In July, John issued the challenge “I want a really BIG pepino patch this summer”, and so I got to work. We’d had few straggly pepino plants around, but they weren’t given any special treatment, were semi-shaded, and had only produced a few small fruits, which were promptly eaten up by magpies.
I decided to do some research about growing conditions, and found that the pepino (Solanum muricatum) is native to temperate climates, originating in the Andean regions of Colombia, Peru and Chile. Surprisingly, the plant is not known in the wild, only in cultivation, so no-one really knows its origins. It is grown commercially in New Zealand, Chile and Western Australia. Fortunately the pepino is a hardy plant and can grow at altitudes ranging from near sea level to 3500m, although it does best in a warm, relatively frost-free climate. This seemed to suit our conditions – our vegetable patch is at the highest point of our 5 acres, and hardly gets touched by frost. In any case, it seems that they will survive a short period of low temperature of 27 to 28° F, but may lose leaves.
I forked over a patch in full sun about 3 x 2 metres and worked in some well rotted compost and just a few handfuls of Organic Extra. Our garden is all organic, and this is the standard treatment for my vegetables. I didn’t overdo the fertiliser, as I wanted to avoid too much vegetative growth. The patch was then left fallow while I propagated the plants.
With its woody stems and fibrous roots, the Pepino is very simple to propagate vegetatively from cuttings. I just ripped up some pieces – some of which had roots and some not – treated them with rooting hormones, potted them in some good free-draining mix, and placed them in our shade house. In a few weeks they were flourishing – each piece had grown to a strong plant with vigorous root growth.
I planted out 10 plants into the patch in late August, so they would have plenty of time to grow and ripen during the warm summer months. I gave them a spacing of about 40cm, and mulched well to suppress weed growth. The whole vegetable garden gets watered frequently by overhead sprinkling, and over the next few weeks the pepinos responded with rapid growth. Apparently they are sensitive to moisture stress, as their root systems are quite shallow.
The plants started flowering well but seemed slow to set any fruit. Back to the Internet! - where I found that they will not set fruit until the night temperatures are above 65° F. Before long the fruits were forming, alas, just as the first few ripened, John was headed off to the USA for 2 weeks on a business trip. He managed to try the first one, but over the next fortnight they just kept rolling in, and all the neighbours benefited! Most of the fruits were very large, as big as a good sized orange, and sweet and juicy. Luckily there were still plenty when John returned, and he went straight off to “his” Pepino patch and filled a large bucket or two.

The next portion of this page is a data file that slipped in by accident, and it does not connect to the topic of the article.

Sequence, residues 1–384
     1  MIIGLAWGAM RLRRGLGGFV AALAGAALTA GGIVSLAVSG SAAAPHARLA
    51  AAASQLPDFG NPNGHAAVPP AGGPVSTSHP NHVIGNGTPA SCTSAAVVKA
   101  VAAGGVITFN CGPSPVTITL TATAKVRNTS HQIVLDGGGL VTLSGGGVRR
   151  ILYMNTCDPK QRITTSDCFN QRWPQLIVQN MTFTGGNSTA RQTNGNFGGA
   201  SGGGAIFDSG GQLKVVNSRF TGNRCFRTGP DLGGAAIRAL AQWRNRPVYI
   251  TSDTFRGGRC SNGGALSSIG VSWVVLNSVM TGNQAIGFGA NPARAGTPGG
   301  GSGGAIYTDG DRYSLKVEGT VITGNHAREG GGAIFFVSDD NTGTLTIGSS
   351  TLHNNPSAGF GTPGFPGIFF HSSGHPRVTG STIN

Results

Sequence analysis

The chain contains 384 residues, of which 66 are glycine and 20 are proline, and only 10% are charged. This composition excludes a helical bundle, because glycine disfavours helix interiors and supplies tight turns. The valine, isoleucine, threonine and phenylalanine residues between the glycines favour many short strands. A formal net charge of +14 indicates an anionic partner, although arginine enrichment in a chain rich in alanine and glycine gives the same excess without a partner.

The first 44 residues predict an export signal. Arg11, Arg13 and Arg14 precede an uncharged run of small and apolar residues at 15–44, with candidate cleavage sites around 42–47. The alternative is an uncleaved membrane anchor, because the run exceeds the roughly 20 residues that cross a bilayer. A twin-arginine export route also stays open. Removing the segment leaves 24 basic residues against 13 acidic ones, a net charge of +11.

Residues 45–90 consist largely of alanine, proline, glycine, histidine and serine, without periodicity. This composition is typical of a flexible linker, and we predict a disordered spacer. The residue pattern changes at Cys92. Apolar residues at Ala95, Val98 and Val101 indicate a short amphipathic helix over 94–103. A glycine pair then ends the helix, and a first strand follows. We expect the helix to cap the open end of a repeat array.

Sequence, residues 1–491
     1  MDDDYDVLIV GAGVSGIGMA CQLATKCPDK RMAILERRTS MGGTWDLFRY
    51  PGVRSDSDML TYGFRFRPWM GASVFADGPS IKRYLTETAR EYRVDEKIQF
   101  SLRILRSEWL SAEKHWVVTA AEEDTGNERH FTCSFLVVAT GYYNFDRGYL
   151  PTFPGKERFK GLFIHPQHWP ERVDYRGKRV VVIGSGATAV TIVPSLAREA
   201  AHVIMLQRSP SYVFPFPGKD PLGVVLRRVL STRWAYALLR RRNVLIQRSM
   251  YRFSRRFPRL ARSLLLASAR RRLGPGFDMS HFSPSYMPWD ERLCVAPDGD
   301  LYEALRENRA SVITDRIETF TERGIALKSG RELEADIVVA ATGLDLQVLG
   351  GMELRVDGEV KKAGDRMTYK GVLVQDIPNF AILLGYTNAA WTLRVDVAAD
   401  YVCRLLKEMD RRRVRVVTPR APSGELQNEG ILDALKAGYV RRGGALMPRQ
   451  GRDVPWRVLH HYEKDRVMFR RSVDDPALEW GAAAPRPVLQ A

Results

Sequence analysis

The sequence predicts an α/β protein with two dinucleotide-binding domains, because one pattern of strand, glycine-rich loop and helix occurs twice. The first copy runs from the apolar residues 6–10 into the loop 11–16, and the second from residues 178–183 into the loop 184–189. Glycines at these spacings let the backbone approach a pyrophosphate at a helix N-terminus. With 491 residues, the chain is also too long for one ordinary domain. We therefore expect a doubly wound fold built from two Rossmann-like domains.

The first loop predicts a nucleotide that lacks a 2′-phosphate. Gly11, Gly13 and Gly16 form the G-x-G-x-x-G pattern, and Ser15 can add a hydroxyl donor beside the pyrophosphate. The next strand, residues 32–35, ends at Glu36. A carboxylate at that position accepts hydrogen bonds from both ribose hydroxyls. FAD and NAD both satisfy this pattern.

We have had virtually no problem with pests and diseases. Occasionally a creature (probably a rat) has a go at a fruit – usually the ripest. Apparently pepinos can be affected by many of the diseases and pests that affect tomatoes, such as bacterial spot, anthracnose and phytophthora, spider mite, cut worm, fruit fly and leaf miner, but we have not had any trouble with these.
Despite the possibility of pest attack, we avoid the temptation to pick the pepinos greener, because the best flavour is when they are fully sun-ripened, when they compare favourably with a cantaloupe or honey dew melon. John grabs the fruits straight from the plant as a thirst quencher, and can be spotted in the garden with juice dribbling down his chin, but I think they are nice chilled and eaten like a melon.
Our pepino patch has been a great success, and I recommend that everyone grows at least a few plants. To top it all off, yesterday I noticed pepinos in the supermarkets selling for $2 each – and not as big as ours! I guess that means we’ve produced a couple of hundred dollars’ worth already!